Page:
MANILA (UPDATED) — A Tarlac court has junked the illegal assembly and malicious mischief charges against the farmers, advocates and students collectively known as "Tinang 83", who were arrested for allegedly causing damage at a disputed land in Concepcion, Tarlac.
In 13-page ruling Monday, Capas-Bamban-Concepcion 2nd Municipal Circuit Trial Court Judge Antonio Pangan quashed the information or criminal charges, ruling that the Department of Agrarian Reform (DAR) and not the court has jurisdiction over a land dispute, citing the provisions of Republic Act No. 9700 or the CARPER Law.
“[I]f there is an allegation from any of the parties that the case is agrarian in nature and one of the parties is a farmer, farmworker, or tenant, the case shall be automatically referred by the judge or the prosecutor to the DAR which shall determine and certify within fifteen (15) days from referral whether an agrarian dispute exists,” the court said in granting the request of the accused that the case should be referred to DAR.
Most of the members of Tinang 83 are farmer-beneficiaries who were issued a Certificate of Land Ownership Award (CLOA).
CLOAs, according to the court, are “sufficient proof to entitle the holder the right to possess the lands and are issued as preparatory steps for the eventual issuance of a certificate of title after compliance with certain conditions/pre-requisites.”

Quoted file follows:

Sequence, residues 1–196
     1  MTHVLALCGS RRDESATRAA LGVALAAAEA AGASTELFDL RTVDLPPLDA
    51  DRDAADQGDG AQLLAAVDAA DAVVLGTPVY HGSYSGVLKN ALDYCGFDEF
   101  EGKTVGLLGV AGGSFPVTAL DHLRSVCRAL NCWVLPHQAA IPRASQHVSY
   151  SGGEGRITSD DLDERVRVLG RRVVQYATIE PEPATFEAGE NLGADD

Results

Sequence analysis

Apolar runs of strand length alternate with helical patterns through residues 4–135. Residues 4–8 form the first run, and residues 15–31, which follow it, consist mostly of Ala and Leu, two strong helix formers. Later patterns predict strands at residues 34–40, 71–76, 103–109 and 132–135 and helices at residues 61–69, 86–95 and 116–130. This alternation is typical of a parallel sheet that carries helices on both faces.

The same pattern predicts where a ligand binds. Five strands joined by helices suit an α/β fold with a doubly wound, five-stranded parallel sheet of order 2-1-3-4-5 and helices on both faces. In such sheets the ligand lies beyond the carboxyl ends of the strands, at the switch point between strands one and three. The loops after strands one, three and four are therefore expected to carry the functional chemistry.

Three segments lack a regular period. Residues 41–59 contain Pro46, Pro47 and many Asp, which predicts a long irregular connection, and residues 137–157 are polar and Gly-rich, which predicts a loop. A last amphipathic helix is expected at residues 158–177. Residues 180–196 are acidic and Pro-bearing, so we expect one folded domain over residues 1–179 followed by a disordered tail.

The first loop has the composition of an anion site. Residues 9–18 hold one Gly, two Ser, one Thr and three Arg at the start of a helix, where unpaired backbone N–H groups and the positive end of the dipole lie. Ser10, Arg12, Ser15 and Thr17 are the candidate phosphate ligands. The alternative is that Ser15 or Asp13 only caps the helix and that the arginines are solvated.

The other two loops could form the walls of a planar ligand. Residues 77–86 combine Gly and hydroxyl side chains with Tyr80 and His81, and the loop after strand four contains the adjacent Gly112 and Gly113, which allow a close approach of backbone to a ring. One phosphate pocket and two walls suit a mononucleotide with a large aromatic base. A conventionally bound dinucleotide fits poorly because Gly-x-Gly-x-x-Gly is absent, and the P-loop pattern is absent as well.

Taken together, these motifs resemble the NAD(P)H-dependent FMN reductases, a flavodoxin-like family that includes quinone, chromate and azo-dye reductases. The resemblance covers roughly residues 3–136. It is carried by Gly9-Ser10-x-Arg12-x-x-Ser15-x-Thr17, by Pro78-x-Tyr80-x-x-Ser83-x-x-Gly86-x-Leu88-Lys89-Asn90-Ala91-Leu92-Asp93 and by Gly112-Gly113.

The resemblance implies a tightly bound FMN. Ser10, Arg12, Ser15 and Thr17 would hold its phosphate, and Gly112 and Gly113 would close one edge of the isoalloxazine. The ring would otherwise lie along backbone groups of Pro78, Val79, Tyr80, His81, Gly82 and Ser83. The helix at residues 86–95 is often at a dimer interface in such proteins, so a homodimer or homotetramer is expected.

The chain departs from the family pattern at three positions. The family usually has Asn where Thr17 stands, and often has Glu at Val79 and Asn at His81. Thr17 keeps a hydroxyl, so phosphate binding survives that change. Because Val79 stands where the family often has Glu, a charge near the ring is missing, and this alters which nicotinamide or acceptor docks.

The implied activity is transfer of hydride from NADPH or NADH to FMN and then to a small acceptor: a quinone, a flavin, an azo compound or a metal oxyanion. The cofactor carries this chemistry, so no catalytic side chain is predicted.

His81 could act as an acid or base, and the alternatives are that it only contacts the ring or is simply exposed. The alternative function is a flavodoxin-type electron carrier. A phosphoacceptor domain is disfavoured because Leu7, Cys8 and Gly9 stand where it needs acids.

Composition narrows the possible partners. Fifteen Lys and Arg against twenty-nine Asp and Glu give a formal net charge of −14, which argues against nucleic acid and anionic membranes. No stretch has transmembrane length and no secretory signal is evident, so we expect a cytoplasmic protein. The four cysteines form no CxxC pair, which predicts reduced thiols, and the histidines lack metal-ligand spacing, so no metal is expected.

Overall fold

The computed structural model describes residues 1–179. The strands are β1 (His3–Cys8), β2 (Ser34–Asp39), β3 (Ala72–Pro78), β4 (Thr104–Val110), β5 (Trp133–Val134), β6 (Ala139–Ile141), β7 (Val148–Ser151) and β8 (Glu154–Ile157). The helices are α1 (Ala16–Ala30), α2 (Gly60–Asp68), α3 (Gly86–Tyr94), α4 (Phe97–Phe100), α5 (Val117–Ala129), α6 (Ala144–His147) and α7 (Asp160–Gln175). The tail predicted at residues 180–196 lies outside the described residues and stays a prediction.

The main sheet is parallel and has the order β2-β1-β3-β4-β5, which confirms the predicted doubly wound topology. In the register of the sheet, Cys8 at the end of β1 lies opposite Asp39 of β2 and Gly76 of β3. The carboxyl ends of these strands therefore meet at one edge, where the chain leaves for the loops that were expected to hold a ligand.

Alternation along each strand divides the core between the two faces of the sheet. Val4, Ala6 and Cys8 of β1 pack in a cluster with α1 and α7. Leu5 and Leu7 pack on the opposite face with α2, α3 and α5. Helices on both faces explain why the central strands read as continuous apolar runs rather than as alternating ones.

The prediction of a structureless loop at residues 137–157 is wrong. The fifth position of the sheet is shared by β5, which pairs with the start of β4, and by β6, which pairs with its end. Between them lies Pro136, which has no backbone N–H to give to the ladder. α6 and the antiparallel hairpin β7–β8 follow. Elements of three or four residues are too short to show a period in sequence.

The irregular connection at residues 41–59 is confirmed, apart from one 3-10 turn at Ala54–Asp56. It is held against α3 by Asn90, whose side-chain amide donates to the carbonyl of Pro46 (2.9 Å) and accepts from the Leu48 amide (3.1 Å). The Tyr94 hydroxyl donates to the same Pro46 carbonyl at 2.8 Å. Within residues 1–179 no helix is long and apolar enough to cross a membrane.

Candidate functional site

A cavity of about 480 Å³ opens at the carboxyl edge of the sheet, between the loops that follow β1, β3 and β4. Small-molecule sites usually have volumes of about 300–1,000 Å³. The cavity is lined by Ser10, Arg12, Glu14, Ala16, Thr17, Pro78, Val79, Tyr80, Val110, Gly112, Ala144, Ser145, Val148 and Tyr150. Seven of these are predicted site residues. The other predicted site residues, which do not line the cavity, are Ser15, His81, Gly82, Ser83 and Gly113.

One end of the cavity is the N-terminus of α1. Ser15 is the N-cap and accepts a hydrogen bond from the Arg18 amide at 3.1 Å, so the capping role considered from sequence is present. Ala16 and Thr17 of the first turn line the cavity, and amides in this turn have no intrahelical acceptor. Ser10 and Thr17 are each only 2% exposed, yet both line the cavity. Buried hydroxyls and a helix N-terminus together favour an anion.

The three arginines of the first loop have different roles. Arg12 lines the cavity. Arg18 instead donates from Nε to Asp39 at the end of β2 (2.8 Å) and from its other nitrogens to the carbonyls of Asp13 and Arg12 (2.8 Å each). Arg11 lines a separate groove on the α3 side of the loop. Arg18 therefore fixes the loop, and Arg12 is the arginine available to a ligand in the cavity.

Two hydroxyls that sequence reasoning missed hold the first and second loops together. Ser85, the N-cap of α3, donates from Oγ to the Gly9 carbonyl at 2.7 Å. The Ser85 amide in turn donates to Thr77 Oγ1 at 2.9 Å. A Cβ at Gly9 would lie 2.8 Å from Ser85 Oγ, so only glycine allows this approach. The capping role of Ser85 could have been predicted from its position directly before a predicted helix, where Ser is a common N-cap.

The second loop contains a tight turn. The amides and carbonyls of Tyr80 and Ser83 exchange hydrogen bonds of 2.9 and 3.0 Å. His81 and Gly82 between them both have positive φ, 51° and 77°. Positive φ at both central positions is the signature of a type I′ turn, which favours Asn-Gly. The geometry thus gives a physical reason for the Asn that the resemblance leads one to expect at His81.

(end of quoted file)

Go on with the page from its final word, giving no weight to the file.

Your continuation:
The court took judicial notice that the DAR has issued a certificate of finality on April 2, 2018 ordering DAR Tarlac personnel to immediately distribute the subdivided lots covering 200 hectares in Barangay Tinang, Concepcion, Tarlac.
The complainant-cooperative, Tinang Samahang Nayon Multi-purpose Cooperative (TSNMPC), also claims ownership to the property and is contesting the award of CLOA before the DAR.
But DAR, on June 20, released a revalidated list of farmer-beneficiaries, which, according to the Kilusang Magbubukid ng Pilipinas, proves the farmers who are part of Tinang 83 are the rightful owners of the land.
That CLOAs were issued to some of the Tinang 83 meant the first element of malicious mischief — deliberately causing damage to the property of another — was not present in the case.
The court also dismissed the malicious mischief charge for another reason — the information failed to allege that the act of damaging another’s property was committed “merely for the sake of damaging it” or out of “hate, revenge or other evil motive.”
In dismissing the illegal assembly charge, Judge Pangan said there were conflicting statements if the “Tinang 83” were armed and the prosecution failed to present any gun in court.
The Tarlac court also found that the same information charged 2 offenses for illegal assembly and obstruction of justice, which could be a ground for dismissal but subject to formal amendment of the charge.
Another illegal assembly case was also filed in another court.
Atty. Jo Clemente, lawyer for several of the Tinang 83, welcomed the dismissal of the malicious mischief and illegal assembly charges, saying these were based on the merits.
All 83 are still facing 3 more complaints at the prosecutor level for disobedience, obstruction of justice and usurpation of real rights.
The preliminary investigation on these complaints is set on June 27, Clemente said.
Some of the Tinang 83, meanwhile, some are facing 2 more complaints for human trafficking and child abuse.
Peasant advocacy group National Network of Agrarian Reform Advocates-Youth said they will file countercharges against those behind the arrests.
“We will hold Concepcion PNP OIC Reynold Macabitas and Acting Provincial Prosecutor Mae Montefalco accountable for the grave injustice they have caused.”